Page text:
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I am a bit confused on the hardness of the discrete logarithm problem. Does it become intractale only when it is mod n, where n is a large composite number (Like RSA key). What about if it is mod a prime number p? what is the complexity and method for solving it? Can we reduce the problem of integer factorization to discrete log problem and vice versa?

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DL is hard for prime moduli as long as $n-1$ has certain properties. We typically use primes for Diffie-Hellman or DSA. –  CodesInChaos Aug 5 '13 at 8:14

1 Answer 1

The discrete logarithm problem is usually only considered in prime groups. And there $p-1$ has to have at least one large prime factor.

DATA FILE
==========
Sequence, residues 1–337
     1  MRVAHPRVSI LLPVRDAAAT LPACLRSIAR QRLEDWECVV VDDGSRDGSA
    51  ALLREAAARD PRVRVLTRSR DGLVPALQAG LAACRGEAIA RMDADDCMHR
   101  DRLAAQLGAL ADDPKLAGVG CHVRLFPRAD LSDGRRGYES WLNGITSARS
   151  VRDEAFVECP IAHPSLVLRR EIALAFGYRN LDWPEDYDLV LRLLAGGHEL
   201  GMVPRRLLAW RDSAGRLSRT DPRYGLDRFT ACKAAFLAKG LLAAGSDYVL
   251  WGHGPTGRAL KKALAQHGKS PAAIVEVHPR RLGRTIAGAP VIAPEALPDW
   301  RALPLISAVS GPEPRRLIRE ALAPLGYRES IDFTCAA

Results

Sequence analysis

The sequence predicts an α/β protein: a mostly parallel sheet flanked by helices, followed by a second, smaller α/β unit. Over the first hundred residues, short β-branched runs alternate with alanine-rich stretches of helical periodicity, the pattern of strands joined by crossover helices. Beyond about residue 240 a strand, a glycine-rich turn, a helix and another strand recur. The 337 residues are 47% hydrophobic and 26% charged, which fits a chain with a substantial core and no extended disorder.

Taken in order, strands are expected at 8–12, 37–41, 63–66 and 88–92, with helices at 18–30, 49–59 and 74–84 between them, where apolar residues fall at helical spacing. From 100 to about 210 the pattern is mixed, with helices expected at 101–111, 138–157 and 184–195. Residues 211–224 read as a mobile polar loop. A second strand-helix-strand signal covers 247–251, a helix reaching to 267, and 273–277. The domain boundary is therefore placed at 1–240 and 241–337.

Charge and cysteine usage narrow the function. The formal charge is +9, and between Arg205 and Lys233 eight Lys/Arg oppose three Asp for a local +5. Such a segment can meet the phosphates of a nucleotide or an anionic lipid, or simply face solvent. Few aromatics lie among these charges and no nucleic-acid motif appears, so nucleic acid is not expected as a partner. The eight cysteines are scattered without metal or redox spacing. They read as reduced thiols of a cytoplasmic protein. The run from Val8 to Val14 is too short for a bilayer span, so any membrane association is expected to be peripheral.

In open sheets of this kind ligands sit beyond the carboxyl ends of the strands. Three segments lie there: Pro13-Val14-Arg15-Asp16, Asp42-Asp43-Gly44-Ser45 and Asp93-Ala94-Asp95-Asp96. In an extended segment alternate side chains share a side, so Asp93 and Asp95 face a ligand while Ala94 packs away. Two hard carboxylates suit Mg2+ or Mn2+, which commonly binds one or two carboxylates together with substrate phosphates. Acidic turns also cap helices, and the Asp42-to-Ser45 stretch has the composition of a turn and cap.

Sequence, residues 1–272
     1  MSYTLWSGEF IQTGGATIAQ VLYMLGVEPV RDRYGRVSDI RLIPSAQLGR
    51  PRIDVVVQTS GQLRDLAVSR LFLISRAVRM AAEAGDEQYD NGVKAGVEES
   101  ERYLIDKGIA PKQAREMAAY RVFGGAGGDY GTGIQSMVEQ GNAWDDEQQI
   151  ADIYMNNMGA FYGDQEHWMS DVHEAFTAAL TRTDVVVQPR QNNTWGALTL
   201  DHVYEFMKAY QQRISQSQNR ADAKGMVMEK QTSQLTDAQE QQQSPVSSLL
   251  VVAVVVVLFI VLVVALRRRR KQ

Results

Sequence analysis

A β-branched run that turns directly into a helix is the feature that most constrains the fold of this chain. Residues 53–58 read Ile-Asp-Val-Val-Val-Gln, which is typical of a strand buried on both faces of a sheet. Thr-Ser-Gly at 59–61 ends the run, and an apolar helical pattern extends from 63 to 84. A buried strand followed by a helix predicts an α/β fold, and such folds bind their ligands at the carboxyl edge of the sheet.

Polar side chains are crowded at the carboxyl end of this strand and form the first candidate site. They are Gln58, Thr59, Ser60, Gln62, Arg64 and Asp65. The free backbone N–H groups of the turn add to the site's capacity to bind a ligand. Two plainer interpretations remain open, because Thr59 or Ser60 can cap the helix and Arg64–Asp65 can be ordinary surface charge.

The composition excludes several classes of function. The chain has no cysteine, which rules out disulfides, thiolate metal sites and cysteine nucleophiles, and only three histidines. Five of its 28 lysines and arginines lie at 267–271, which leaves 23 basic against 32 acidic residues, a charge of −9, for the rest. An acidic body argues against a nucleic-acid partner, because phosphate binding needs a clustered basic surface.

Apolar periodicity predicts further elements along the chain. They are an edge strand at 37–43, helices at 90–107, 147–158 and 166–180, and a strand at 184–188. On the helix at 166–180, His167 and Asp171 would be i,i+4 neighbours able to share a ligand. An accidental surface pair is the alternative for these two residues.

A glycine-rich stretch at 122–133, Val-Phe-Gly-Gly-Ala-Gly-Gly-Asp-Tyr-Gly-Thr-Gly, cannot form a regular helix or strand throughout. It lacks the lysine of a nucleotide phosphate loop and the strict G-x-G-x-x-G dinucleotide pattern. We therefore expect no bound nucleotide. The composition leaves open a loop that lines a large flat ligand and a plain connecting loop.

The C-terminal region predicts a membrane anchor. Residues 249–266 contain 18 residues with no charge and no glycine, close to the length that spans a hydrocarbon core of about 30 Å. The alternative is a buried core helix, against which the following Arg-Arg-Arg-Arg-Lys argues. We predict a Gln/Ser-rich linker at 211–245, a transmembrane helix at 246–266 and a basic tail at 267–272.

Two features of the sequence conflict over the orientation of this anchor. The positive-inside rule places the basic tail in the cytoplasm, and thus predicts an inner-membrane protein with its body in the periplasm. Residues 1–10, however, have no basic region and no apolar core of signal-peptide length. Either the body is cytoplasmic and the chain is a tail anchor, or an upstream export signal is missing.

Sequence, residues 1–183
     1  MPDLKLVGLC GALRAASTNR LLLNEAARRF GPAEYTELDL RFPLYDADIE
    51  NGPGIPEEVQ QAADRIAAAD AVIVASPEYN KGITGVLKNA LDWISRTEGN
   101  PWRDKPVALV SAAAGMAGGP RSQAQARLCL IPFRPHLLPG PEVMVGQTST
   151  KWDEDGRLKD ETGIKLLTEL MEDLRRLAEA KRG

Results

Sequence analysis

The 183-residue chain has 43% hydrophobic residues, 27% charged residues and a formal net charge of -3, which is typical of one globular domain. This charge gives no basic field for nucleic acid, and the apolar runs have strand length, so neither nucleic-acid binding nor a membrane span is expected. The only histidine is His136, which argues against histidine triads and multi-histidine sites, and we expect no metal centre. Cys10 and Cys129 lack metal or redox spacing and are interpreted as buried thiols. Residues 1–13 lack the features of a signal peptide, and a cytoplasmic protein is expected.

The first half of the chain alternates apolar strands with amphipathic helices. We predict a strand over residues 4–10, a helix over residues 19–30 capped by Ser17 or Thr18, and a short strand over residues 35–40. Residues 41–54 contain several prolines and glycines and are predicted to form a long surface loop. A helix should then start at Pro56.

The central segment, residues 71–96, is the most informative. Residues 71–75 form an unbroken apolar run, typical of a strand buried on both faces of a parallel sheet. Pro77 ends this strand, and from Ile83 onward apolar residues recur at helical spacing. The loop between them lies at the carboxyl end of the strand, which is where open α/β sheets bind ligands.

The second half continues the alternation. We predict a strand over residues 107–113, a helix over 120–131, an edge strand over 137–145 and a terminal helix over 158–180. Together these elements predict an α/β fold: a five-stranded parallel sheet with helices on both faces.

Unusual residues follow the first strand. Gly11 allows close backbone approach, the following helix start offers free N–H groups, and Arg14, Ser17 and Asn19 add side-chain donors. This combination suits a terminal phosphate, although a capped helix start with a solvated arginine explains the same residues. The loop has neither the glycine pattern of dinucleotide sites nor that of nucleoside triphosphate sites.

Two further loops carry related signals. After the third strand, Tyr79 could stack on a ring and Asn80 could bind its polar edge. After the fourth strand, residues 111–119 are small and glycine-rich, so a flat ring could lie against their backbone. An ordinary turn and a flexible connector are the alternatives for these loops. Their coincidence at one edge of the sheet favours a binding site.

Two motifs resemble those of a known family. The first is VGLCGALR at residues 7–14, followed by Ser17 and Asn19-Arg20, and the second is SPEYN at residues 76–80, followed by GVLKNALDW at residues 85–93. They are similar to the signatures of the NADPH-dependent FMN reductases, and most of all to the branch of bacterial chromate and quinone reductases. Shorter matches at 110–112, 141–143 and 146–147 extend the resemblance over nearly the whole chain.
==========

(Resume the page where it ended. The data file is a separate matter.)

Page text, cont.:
Composite moduli are usually used for RSA problem (related to factorization), quadratic residuosity or composite residuosity. The hardness of these assumptions depends on the fact that the order of the multiplicative groups are not known (the factorization can be calculated from this order directly).

In general, the discrete logarithm problem could be considered in composite groups, and there you would require the totient $\phi(n)$ to have at least one large prime factor. The reason for this is, that the order of the multiplicative group mod n is $\phi(n)$. In prime order groups this happens to be $p-1$.

The reason for this assumption are algorithms like Pohlig-Hellman and Index Calculus. If the multiplicative group order has only small factors, then the problem becomes much easier.

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